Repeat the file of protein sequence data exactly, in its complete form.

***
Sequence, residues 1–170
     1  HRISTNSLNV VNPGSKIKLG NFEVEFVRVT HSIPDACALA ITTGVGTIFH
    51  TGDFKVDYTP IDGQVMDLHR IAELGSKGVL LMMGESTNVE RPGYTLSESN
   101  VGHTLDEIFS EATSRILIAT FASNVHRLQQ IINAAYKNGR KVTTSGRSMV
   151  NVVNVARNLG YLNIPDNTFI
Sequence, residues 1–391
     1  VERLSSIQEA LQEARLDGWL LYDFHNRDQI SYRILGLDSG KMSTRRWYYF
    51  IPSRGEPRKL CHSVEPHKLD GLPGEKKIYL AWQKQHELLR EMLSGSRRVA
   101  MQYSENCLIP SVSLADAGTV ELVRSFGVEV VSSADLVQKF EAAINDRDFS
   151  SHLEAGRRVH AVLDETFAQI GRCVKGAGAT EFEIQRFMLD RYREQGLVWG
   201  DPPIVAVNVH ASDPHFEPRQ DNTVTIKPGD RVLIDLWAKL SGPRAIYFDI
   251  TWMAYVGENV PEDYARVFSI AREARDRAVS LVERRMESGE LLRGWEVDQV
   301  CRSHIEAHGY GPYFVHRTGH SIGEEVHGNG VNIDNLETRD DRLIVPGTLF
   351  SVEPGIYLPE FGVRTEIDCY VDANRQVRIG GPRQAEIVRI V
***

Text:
Sequence, residues 1–170
     1  HRISTNSLNV VNPGSKIKLG NFEVEFVRVT HSIPDACALA ITTGVGTIFH
    51  TGDFKVDYTP IDGQVMDLHR IAELGSKGVL LMMGESTNVE RPGYTLSESN
   101  VGHTLDEIFS EATSRILIAT FASNVHRLQQ IINAAYKNGR KVTTSGRSMV
   151  NVVNVARNLG YLNIPDNTFI
Sequence, residues 1–391
     1  VERLSSIQEA LQEARLDGWL LYDFHNRDQI SYRILGLDSG KMSTRRWYYF
    51  IPSRGEPRKL CHSVEPHKLD GLPGEKKIYL AWQKQHELLR EMLSGSRRVA
   101  MQYSENCLIP SVSLADAGTV ELVRSFGVEV VSSADLVQKF EAAINDRDFS
   151  SHLEAGRRVH AVLDETFAQI GRCVKGAGAT EFEIQRFMLD RYREQGLVWG
   201  DPPIVAVNVH ASDPHFEPRQ DNTVTIKPGD RVLIDLWAKL SGPRAIYFDI
   251  TWMAYVGENV PEDYARVFSI AREARDRAVS LVERRMESGE LLRGWEVDQV
   301  CRSHIEAHGY GPYFVHRTGH SIGEEVHGNG VNIDNLETRD DRLIVPGTLF
   351  SVEPGIYLPE FGVRTEIDCY VDANRQVRIG GPRQAEIVRI V